Vildan Acar

Vildan Acar


I’ve always held a deep fascination for the natural world, rooted in my upbringing in a rural village as the child of farmer parents. This fascination led me to pursue an undergraduate degree in Biology at Middle East Technical University, Turkey, with the intention of having a career dedicated to the conservation and preservation of nature. My academic journey continued at the same institution, where I successfully completed my MSc in Biology.

During my master’s program, I focused my research on phytoplankton communities, using functional traits to understand community assembly processes. Simultaneously, I actively participated in two significant projects: an EU-funded Aquacosm+ and a government-funded CLIM-SALTLAKES. Within these projects, I undertook diverse responsibilities, including project coordination, logistical management, hands-on contributions to mesocosm system installations, experiment design and execution, and handling of bureaucratic procedures.

While I found great satisfaction in working with freshwater systems, my passion has gravitated towards urban ecology, a fascination that has deepened since my undergraduate years. I’m excited to continue my academic journey with my PhD studies, where I can enthusiastically delve into this field.

Vildan Acar

PhD title: "Understanding the interplay between the gut microbiome, behaviour, and urbanisation in wild birds"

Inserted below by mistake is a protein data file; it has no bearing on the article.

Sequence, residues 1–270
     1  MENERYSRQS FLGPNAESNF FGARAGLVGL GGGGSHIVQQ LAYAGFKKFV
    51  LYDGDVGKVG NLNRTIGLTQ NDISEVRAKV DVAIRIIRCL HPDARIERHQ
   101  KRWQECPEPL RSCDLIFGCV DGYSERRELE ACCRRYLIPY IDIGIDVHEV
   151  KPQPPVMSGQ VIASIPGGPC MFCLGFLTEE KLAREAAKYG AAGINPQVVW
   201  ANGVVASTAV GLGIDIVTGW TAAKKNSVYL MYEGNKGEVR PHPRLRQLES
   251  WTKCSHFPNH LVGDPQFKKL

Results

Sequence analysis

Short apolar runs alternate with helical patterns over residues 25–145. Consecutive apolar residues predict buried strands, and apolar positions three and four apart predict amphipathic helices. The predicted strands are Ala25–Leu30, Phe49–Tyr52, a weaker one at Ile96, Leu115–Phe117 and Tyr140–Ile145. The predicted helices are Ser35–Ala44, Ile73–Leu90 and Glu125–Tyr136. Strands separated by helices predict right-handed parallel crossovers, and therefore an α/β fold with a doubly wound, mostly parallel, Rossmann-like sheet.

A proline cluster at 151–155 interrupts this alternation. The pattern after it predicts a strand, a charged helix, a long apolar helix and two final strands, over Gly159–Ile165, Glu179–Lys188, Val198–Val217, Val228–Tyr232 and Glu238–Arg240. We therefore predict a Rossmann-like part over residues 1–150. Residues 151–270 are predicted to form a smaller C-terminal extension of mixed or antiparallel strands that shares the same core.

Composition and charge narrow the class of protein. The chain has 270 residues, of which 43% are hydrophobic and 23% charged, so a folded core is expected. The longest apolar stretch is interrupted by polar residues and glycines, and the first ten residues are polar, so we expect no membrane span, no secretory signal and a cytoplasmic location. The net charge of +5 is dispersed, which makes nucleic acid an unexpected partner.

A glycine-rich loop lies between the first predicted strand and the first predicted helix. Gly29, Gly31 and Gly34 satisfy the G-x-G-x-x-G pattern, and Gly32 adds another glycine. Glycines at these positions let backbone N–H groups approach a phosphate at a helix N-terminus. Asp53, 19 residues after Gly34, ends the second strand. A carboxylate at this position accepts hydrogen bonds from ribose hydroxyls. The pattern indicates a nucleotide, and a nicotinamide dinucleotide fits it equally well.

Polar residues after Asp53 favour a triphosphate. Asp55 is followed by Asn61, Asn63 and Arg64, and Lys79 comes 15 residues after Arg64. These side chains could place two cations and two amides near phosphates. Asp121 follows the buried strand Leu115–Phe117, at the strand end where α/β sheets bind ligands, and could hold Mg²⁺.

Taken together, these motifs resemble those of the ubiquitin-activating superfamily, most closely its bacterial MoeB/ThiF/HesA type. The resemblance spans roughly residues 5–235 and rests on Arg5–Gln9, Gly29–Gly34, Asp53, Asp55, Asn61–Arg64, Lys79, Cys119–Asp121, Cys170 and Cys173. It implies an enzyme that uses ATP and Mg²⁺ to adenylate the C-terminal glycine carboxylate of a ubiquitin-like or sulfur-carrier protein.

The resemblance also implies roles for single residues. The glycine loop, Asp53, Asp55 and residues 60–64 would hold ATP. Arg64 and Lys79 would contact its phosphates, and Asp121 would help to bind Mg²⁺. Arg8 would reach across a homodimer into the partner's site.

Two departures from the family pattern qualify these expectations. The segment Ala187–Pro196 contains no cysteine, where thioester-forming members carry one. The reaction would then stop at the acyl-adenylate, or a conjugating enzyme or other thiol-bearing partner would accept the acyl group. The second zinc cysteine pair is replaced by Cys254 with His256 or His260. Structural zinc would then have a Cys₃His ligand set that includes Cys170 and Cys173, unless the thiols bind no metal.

Synopsis: My project revolves around wild birds, with a focus on great tits (Parus major) with a primary goal to explore whether variations in the behaviour and cognitive abilities of these wild birds can be attributed to differences in their gut microbiomes. Additionally, it aims to understand how urbanization affects the diversity of gut microbiomes in wild bird populations.

My work will involve extensive fieldwork, including bird ringing under the licensing scheme of the British Trust for Ornithology, utilizing citizen science-based bird monitoring, gathering fecal samples from wild birds, and attaching RFID tags to monitor their behaviour through RFID feeders.

To understand the link between microbiomes and host behaviour, I’ll conduct 16S rRNA sequencing and utilize computational tools to delve into sequencing data, uncovering potential metabolic functions within bird gut microbiomes. I will conduct statistical tests to examine the impact of urbanization on specific aspects of gut microbiota linked to bird behaviour and cognition.

This work aims to enhance our understanding of the intricate relationship between bird behaviour, cognitive capacities, and gut microbiota in urban settings, shedding light on wildlife adaptations to urban environments.

Other information

During my undergraduate years, I worked in an Erasmus+ project called “Nature for Youth and the City”. With this project, I participated in a series of training from NGOs and academics to become a “nature host”. As nature hosts, my team developed education series on different topics, wrote and implemented activities and games, and was involved in citizen science practices to aid children and adult citizens to connect with nature.